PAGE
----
Finally - and most notably - we’re seeing many businesses really lean in to offer ways to support their respective communities.
This crisis is a human one, not just a financial one: it has brought about a pressing need for connection, and anything that can facilitate that has a vital altruistic role to play.
Earlier this year, we partnered with global futures foresight consultancy, The Future Laboratory, to understand the key macro trends that define the 2020s. Many long-term trends have been exacerbated by Covid-19; as Tom Savigar, founder of Avansere and co-owner of The Future Laboratory, puts it, the crisis is forcing businesses to “fast forward.” Tom told us that “ideas that may have been on your business’ 3-5 year horizon have been rapidly accelerated: they are happening now and forcing us to move outside of our comfort zone in order to address them.”
Flexible working is one such trend. The predicted boom in flexible working could contribute an extra £148 billion to the UK economy by 2030, according to Regus – a result of many factors which includes personal productivity. But this opportunity could be at risk if personal productivity is impacted by isolation and a lack of community. As Tom puts it, “now is the time for businesses to show emotional intelligence, empathy, localism, belonging and connection.”
That’s where companies like WELD make a valuable difference.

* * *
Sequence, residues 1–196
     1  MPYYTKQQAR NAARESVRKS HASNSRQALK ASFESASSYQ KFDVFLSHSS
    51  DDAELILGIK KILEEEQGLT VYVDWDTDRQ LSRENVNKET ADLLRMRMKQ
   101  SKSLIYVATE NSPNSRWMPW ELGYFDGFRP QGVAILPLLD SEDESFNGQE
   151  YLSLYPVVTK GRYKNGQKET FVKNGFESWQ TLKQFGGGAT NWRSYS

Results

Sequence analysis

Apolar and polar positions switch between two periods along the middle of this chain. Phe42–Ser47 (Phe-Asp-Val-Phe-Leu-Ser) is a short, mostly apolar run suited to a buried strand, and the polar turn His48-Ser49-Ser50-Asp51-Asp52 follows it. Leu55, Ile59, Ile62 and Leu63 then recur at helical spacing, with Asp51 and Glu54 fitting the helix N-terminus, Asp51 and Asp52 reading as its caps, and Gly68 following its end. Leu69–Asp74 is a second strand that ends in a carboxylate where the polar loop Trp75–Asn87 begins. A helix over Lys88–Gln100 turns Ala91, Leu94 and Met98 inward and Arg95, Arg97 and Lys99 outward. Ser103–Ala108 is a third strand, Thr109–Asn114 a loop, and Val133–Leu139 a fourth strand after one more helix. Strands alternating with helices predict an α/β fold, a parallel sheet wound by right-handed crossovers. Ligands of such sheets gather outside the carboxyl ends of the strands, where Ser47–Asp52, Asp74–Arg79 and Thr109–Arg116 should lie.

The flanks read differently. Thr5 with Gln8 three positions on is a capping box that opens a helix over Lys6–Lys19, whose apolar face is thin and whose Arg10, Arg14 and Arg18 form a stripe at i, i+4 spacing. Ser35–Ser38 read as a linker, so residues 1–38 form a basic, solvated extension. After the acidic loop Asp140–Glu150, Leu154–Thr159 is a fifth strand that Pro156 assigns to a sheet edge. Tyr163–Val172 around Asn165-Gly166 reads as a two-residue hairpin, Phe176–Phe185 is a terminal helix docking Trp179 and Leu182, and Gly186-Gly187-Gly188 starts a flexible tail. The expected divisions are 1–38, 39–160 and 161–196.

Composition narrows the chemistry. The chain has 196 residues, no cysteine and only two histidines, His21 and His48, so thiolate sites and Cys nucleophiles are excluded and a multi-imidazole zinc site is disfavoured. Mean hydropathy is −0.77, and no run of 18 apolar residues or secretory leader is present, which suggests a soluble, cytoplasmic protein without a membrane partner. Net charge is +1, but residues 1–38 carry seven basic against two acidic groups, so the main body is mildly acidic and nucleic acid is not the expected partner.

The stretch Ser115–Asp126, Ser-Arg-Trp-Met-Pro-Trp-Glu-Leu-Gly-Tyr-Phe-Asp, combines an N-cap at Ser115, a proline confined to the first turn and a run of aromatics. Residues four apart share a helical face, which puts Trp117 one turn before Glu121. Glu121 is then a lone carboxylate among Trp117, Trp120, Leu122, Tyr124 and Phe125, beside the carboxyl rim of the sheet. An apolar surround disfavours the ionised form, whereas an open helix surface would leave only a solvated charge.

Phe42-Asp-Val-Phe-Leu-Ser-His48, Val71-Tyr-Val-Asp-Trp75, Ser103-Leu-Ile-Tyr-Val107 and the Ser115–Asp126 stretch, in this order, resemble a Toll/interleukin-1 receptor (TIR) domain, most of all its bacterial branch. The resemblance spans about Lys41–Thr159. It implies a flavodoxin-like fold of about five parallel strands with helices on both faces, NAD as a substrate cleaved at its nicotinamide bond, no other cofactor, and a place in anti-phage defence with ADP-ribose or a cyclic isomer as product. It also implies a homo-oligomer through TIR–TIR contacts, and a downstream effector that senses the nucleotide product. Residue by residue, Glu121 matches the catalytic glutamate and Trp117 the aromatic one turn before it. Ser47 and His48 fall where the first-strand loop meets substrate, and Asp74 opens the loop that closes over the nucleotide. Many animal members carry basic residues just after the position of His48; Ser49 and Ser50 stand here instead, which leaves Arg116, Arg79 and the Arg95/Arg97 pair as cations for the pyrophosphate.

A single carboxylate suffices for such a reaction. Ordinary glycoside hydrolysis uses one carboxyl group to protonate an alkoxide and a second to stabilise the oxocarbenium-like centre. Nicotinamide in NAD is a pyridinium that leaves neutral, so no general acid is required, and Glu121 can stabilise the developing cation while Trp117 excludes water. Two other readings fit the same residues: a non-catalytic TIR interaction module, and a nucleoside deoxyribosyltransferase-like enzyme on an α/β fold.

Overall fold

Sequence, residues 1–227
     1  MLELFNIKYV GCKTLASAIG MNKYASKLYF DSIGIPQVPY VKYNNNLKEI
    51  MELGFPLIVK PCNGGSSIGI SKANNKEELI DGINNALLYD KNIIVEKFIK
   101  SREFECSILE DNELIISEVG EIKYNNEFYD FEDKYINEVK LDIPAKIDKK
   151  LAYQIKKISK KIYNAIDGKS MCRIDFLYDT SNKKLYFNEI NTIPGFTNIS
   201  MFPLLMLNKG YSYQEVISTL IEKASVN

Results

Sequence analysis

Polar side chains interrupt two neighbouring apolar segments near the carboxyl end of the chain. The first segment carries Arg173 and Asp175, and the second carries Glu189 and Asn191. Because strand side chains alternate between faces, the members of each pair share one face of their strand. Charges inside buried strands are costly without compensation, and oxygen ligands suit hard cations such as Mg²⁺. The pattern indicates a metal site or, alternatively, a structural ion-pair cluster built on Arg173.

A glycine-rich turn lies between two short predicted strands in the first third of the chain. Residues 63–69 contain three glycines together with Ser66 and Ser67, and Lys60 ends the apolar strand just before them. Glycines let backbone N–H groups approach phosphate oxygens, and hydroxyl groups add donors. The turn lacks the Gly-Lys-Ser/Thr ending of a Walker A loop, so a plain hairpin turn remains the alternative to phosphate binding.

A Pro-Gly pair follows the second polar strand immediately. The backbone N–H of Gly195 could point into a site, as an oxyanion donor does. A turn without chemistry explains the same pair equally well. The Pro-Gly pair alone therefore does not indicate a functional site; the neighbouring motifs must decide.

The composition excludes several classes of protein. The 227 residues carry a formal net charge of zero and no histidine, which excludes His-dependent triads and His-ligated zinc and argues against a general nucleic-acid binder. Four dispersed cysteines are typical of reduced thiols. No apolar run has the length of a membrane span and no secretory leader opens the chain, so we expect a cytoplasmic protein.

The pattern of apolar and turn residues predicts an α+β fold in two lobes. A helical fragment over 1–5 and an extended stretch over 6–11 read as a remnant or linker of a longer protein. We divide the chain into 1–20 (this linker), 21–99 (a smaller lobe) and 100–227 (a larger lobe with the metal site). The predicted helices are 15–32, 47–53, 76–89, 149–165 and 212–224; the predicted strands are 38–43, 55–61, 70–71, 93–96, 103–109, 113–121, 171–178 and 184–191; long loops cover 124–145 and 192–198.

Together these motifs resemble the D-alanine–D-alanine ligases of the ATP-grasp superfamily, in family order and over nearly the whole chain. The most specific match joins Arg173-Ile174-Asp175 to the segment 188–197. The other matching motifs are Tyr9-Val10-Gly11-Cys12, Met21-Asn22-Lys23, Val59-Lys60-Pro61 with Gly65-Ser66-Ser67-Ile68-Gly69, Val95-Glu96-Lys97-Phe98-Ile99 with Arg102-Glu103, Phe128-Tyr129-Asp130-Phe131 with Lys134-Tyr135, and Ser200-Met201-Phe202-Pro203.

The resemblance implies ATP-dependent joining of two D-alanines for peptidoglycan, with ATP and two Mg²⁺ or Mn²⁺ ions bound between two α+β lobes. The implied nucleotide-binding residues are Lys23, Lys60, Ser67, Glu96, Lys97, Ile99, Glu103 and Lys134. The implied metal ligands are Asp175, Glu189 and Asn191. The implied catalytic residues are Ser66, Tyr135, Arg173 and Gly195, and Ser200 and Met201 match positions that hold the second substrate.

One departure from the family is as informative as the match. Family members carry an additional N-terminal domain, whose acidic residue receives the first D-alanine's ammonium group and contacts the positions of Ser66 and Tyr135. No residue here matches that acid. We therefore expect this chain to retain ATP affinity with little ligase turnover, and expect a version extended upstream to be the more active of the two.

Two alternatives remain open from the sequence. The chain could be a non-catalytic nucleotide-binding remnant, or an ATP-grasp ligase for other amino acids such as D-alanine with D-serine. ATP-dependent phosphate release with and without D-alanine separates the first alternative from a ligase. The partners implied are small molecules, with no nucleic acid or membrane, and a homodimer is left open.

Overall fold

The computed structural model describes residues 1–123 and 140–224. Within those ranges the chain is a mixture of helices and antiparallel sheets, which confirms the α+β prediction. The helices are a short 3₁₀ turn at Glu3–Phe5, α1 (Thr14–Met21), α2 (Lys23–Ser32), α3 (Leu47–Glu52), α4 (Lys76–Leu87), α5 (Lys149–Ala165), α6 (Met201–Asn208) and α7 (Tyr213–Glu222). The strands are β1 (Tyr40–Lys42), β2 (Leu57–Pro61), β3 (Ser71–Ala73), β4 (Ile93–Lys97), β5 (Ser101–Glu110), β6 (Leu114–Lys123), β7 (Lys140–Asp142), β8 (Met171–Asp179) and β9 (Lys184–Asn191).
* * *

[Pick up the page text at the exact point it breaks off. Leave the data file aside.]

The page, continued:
Brad Woodhouse’s business, WELD
, wanted to embrace the opportunity to help people living in isolation - to bring a source of community, and to help people stay active from home. In January this year, as the outbreak was beginning to take hold, Brad brought together his investors to look at how to accelerate the business’s ability to support the live streaming online training sessions. “We wanted to embrace the opportunity to help people,” he says, “and didn’t want to play the waiting game - we knew we needed to move fast.”
Each of these examples - and the many more that I come across every day when talking to my colleagues and clients - is proof that we will get through this time and emerge not only stronger, but ‘better’ too. I agree with Tom, of The Future Laboratory, when he points out that this is a rare opportunity for us, collectively, to pause: to focus more attentively on what “actually makes humans happy,” and to celebrate progressive behaviours and ways of working which will facilitate this.
Doing so will require a shift in mentality, and it will require innovation at a speed and scale few of us are used to. But it is possible.
For the Investec team, we see our role as being to foster and fuel this innovation, both internally and for our clients.
If, for all the uncertainty we are facing, Covid-19 serves to highlight that sense of renewed purpose, then that is no bad thing.